“Get it first, get it fast – but first get it right” was once an essential ethical standard in every responsible newsroom in every country in the world where the cherished privileged freedom of the press was held as sacred trust.
It is, alas, a standard no longer held dear in a world swamped by the over-the-backyard-fence unsubstantiated gossip on that cursed blessing called the Internet. Freedom of speech is still spouted as a precious freedom, but “getting it right” is no longer a matter of ethical concern, even in newsrooms where it was once a rule of law.
It’s 50 years or more since Bob Considine, (1906-1975), once one of the great newspaper columnists of North America, wrote A Newspaperman’s Prayer. ” There is a piece I have quoted often during my half-century in the trenches of journalism and I do so again here in the hope that his words may flicker a spark of interest in today’s professional messengers, reporters and editors – and those who think freedom of speech gives them the right to accuse without just cause.
“Dear God, may I be fair. Circumstances and dumb luck have placed in my thumby paws a degree or authority which I may not fully comprehend. Let me not profane it. Give me the drive that will make me check and countercheck the facts. Guide me when, lost for want of a rudder or a lead (for my story) I stumble through a jungle of speculation……Such news as I find or comes my way, let me tell it quickly, and simply with an eye to my responsibilities. For news is precious. Few could live without it. When it is stopped or thwarted or twisted, something goes out of the hearts of (those) it might have nourished…”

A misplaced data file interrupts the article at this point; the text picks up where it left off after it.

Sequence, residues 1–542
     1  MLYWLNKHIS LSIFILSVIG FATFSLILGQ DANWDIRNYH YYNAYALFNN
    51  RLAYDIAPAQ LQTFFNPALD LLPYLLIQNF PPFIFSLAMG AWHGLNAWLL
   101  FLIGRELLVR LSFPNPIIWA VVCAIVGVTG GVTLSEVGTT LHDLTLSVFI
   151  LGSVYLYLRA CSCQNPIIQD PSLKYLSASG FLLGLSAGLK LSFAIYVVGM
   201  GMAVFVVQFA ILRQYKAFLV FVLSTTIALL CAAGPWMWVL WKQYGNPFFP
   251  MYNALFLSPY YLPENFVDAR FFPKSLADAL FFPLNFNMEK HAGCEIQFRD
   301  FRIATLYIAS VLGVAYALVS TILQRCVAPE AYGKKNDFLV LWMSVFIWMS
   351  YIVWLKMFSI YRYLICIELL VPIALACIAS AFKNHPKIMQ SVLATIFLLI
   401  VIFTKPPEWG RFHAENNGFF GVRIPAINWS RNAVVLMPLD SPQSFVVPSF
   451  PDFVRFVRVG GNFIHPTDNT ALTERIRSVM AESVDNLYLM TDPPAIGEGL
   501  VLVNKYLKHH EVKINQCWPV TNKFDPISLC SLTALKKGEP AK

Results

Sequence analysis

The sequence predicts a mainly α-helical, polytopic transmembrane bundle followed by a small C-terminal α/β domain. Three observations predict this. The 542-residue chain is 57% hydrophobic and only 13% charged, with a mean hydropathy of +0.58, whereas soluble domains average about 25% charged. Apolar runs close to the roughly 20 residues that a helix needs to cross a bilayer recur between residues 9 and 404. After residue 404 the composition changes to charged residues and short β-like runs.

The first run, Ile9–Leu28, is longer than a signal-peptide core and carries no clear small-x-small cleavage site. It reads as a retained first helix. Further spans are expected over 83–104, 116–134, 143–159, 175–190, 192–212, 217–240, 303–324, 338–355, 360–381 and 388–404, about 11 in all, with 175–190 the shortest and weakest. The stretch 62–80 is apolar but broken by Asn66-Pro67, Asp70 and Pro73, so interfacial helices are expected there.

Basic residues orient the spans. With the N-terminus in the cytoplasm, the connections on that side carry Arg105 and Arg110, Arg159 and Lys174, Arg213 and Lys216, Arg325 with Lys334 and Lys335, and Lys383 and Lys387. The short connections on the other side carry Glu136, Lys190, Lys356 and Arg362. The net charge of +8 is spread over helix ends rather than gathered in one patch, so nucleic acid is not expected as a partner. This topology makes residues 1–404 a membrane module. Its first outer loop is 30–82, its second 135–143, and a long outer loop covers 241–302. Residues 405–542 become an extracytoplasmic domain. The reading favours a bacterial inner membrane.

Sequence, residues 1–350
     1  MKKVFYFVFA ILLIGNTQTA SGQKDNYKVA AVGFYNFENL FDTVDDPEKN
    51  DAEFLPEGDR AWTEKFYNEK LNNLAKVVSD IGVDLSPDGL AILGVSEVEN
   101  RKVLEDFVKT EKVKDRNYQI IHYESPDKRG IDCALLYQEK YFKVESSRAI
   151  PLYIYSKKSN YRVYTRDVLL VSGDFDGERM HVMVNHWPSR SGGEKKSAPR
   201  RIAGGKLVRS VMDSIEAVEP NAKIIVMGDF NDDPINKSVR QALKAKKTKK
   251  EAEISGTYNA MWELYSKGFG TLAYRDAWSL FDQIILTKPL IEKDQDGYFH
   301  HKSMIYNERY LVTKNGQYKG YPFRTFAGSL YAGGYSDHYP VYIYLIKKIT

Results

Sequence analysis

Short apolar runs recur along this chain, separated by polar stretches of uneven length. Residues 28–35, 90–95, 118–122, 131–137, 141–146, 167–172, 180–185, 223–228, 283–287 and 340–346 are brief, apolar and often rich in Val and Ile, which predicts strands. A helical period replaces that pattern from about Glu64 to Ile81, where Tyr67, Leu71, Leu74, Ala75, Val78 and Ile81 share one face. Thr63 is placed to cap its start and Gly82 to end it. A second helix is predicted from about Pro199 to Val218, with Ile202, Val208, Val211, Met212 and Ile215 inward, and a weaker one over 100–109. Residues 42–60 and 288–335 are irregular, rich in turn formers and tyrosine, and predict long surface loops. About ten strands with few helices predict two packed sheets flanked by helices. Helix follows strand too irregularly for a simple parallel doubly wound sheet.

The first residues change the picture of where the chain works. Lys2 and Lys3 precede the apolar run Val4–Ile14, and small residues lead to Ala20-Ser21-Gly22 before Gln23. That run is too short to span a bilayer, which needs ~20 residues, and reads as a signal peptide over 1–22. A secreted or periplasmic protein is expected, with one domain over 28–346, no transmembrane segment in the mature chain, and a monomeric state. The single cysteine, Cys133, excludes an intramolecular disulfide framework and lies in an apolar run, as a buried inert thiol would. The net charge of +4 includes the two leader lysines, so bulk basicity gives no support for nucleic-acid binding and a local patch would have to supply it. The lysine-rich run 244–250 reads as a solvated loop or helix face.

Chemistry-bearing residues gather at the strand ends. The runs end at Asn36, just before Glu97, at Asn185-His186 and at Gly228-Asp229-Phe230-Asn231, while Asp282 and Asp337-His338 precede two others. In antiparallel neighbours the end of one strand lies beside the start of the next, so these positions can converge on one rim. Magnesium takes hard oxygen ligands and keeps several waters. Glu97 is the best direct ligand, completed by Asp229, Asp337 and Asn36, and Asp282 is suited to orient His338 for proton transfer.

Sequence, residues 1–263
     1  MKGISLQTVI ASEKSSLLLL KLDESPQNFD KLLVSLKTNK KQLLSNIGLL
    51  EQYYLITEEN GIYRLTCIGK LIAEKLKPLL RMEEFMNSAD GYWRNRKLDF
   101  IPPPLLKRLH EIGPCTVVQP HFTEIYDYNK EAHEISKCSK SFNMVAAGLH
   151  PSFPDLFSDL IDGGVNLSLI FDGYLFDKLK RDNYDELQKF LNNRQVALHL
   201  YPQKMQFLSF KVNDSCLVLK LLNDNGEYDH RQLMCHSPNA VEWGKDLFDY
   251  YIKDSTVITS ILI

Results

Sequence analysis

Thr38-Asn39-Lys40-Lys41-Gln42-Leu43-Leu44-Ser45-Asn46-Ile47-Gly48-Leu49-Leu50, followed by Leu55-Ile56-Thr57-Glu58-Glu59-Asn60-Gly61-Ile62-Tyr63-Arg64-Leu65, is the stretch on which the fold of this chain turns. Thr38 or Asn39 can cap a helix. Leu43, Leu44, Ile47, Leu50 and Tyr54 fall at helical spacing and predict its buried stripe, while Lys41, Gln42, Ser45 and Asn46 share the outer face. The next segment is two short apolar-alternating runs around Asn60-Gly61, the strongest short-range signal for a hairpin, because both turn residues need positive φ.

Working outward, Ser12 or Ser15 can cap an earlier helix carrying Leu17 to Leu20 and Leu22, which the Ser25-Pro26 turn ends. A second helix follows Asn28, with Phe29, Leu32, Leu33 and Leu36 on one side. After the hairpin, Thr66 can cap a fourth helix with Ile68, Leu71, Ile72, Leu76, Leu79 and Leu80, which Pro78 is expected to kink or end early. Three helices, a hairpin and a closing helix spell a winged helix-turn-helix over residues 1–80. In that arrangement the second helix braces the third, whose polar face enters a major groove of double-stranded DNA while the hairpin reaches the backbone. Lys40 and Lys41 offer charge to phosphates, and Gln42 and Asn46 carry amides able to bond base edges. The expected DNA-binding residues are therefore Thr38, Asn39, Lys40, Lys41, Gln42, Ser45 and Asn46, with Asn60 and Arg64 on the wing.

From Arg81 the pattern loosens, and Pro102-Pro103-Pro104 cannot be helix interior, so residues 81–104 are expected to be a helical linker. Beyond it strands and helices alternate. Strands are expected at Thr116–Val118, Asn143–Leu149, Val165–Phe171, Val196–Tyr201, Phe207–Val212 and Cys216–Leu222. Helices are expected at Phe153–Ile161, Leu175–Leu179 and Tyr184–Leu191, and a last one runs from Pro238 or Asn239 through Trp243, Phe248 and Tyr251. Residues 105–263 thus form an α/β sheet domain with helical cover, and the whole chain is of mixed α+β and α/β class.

These few lines from Considine came back to me a few evenings ago when I flicked my TV to the CBC news and was shocked to hear that once esteemed news agency informing Canadians on the latest scandals related to USA President-elect Donald Trump. The thrust of the unfolding scandal was in the announcer’s mantra style repeated warning that what the CBC was reporting “is not verified.” I lost count how many times the CBC warned viewers that what they were being force-fed was not supported by fact, that the CBC didn’t really know the original author of the report, just that it had been made public by an Internet outlet and was reported to originate with Russian intelligence sources who had been building a dossier on Trump with a view to blackmailing him.
And over and over there was this reminder that while there were no facts to substantiate the allegations, the venerable CBC felt it had a duty to give them widespread publicity.
Last Friday (Jan.13) the Globe and Mail reported on former British spy Christopher Steele, now rumoured to be the man who compiled the report for western distribution. While reviewing Steele’s career in some detail and offering titillating morsels on how the report got to where it is, the Globe’s London correspondent Paul Waldie wrote: “None of the allegations in the report have been verified and many have been contradicted. Security analysts, too, are skeptical of the information saying the work appears shoddy.”
Other news agencies are possibly guilty of the same betrayal of the basic rules of good reporting, but CBC and the Globe and Mail are the only two to come to my attention. These are two major actors in the news dissemination field who, after a few days earlier lamenting the number of false stories roaming the world in the guise of truth, broke the basic rule to be sure you’ve got it right.
As the late Jack Scott, one the Vancouver Sun’s brighter stars, used to teach young would-be reporters who found themselves stumbling through a jungle of speculation: “When in doubt, leave it out.” Even if it means, in this instance, protecting an ill-mannered, blustering, bully who has been known to lie when savaging opponents and who will soon be President of the Divided States. He will change radically in the next few months or he will eventually be “hoist on his own petard” without the aid of “unverified reports” broadcast by people who should know better.